The restlessness of Bengalis in America where they cannot vote is revealed through their discussions about Bengali arts, drama, music, literature, and politics. They experience the spatial, cultural, and emotional emptiness in their effort to settle and alter in a newly adapted country during these days of globalization. The Today Newspaper writes “The namesake is more than a book about a name; it is about finding the identity in a country that will treat you as an alien even if you were born there. But more than that, it’s about rediscovering your roots, and the accidents of the universe that caused you to be. And that’s something all of us can identify with” (Indian Subcontinent Edition.2004)

In the superstructure of America’s multicultural society, they have more cross-cultural experiences. This helps them to restore the friendly relations between their inherited and obtained selves for consolation. The Indian immigrants in a difficult situation romanticize the dazzles of American civilization and retain their faith in tradition, custom, myth, history, culture, and folklore for emotional satisfaction. They realize that the cultural availability of India cannot be substituted with the material wealth of America.

All the immigrant Bengali characters in the novel are Hindus. They are the worshippers who believe in the existence of god, they are the theists, the worshippers of Shakti known as the Mother Goddess, a symbol of creator, caretaker, and destroyer. The novelist has no scope to sermonize Hinduism or the Hindu Bengalis in an adverse society but she has tried her best to facilitate Hindu philosophy as a spiritual need for the immigrants through contra-acceleration. In American social life, their religious belief provides them with enough ethical hypothesis to sustain their life. Thus in the portrayal of Indian immigrant characters of Bengali origins, Lahiri indoctrinates ethics in their cultural and national consciousness.

In her creative action, she essentialisms ethical consciousness in the ‘professional Indians’. She conveys a moral to the Indian immigrants in their tracking of material wealth. She asserts that in a change of place or locality, one must preserve philosophical maturity. Throughout the stories of Jhumpa Lahiri, readers should learn bits and pieces about how the life of Indians fit into the lives in America. Out of several stories of Lahiri, some of them have a touch of magic. The author has good narrative skill which captures the reader’s attention immediately. Unlike the other women writers, she is not interested in problems of gender, race, or colonialism. Whether the setting is in Bengal or in the US, she creates a probable world where human relations are all that matter.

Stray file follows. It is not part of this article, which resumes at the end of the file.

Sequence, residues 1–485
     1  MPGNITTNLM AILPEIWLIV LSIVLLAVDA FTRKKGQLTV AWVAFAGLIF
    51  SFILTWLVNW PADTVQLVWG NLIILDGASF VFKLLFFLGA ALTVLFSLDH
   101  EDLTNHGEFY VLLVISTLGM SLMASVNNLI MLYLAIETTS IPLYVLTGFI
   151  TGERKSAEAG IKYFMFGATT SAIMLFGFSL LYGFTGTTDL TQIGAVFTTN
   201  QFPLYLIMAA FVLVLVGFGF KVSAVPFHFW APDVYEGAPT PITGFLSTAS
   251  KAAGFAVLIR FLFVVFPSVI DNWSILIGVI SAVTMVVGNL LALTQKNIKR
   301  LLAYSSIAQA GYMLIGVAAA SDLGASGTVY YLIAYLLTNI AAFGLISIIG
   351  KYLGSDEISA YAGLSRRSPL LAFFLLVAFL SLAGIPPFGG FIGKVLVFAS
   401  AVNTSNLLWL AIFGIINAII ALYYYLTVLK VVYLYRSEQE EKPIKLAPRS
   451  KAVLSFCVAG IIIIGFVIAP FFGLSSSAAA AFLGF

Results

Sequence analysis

“There is something to be said for exile”, and “your learn roots are deep”. The illustration of this truth may be best found in the writings of Jhumpa Lahiri. In spite of the slightly ironic tone employed throughout her descriptions, the final impression is that of an obsession with and admiration of Indian traditional culture. These are the major things in the writings of Jhumpa Lahiri, where the protagonists search for the true identity in the immigrated nations, the symbols of the collective memories of their past, and their attempts to sensitize their sensibility through their communication with the past, with tradition is obvious.

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The Namesake’: Literary Criticism. (2023, April 21). Edubirdie. Retrieved June 22, 2024, from